I fall in with Rick, who has also noticed the number of riders passing us with ragged breath as if this is a three-hour blast. We chat, deliberately slowing things down, and at one point, Angus and Simon pass us beside Loch Lyon, explaining that they both went the wrong way around the loch for a few kilometres. No sooner have they said that than they’re gone, hunting down the riders in front.
Among HT550 veterans, there’s a saying that the first 93 miles to Fort Augustus are the warm-up. They’re relatively fast and easy, and the wise keep plenty of matches in hand to burn later when they’ll be most needed. I ride on my own for most of the day, with Rick and other riders always in sight just ahead or behind. On the Lairig Ghallabhaich climb, I see Angus again while he replaces a bent mech hanger, and somewhere in Rannoch Forest, he easily breezes past me a second time.
I find Rick again as I leave Fort Augustus. We ride north together into the warm glow of the evening and chat about anything and everything in the way you do; the shared anxiety and excitement of adventure is the fastest way I know to break down the barriers between strangers. A couple of dotwatchers punctuate the easy rhythm, but otherwise, we both seem intent on enjoying the 60 miles to Contin, even as we ride into mist and drizzle on the infamous “Track of 1,000 Puddles.”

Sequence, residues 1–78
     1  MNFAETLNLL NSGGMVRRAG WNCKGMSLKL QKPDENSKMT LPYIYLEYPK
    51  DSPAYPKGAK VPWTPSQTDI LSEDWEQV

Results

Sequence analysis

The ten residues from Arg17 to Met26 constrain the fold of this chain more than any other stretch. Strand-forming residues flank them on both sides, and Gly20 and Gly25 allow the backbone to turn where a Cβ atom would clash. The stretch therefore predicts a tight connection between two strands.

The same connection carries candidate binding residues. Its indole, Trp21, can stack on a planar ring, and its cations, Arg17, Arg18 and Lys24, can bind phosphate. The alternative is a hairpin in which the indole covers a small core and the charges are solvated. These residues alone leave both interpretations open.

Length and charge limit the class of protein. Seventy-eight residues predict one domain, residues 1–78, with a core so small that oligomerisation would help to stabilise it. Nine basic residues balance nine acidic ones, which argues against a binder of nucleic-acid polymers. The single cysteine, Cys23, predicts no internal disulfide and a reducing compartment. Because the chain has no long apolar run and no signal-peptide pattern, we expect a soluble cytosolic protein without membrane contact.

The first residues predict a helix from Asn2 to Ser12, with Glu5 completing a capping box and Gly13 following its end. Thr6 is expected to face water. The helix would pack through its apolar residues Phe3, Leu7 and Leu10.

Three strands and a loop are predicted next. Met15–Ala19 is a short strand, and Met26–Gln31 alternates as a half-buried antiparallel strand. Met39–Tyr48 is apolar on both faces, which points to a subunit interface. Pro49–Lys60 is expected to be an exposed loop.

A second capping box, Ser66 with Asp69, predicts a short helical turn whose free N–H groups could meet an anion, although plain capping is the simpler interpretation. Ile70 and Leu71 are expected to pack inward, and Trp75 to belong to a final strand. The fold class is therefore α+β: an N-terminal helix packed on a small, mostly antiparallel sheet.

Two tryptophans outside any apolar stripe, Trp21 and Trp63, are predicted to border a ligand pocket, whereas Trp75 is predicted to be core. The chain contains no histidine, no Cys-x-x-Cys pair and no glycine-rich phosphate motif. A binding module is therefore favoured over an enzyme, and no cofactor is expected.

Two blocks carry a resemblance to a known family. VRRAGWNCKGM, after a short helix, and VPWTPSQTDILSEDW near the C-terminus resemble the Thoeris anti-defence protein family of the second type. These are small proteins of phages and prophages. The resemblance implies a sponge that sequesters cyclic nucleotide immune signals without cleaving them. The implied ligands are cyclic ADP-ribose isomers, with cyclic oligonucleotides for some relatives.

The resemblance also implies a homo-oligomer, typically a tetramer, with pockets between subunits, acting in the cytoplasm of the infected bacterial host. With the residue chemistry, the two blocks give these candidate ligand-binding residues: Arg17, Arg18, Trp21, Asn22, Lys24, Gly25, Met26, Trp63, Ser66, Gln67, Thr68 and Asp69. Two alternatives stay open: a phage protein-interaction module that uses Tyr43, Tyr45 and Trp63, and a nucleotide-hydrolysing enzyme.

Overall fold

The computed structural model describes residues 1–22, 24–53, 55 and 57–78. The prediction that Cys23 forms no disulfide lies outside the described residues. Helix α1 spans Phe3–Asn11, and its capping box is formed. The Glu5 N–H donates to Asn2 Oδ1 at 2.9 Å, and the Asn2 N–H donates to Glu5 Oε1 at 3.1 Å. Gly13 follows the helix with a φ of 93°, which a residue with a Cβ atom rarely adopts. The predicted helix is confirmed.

It’s around 12.30 a.m. when we reach Contin, and Rick says he wants a good sleep and coffee in the morning, so he’s going to wait for the shop to open at 6 a.m. I wish him luck as we separate, and I remember something he shared earlier: “When I feel low, I picture the faces of people I love, who make me happy. It works, man. It really does!” It sounds like the right approach, so I store it away for later—an extra ace up my sleeve.
I’ve been scavenging like this for months, spotting attitudes and values in other people I look up to, trying to incorporate them into my headspace, knowing the physical effort will take care of itself, and upstairs is where the real work happens. Shortly afterwards, I’m lying in the playpark, still waiting for the real ride to begin and feeling like it might be just on the other side of the two-hour timer I’ve set for a short rest.
The following day starts with a test I’ve been dreading for 12 months. Last year, the first day was uneventful, but the morning after, my body began a horrible process of shutting down and refusing to move as the fatigue-induced shingles infection made itself known. I limped and cried north ineffectively for another 10 hours before conceding defeat. I’ve done long rides since then, but no multi-day racing, so there’s a suspended moment while I begin pedalling and feel for energy that eventually seems to flow back into me, despite the miles and lack of sleep. I ease my way up Strath Vaich beneath a sun that offers illumination and renewal. I’ve passed this first test.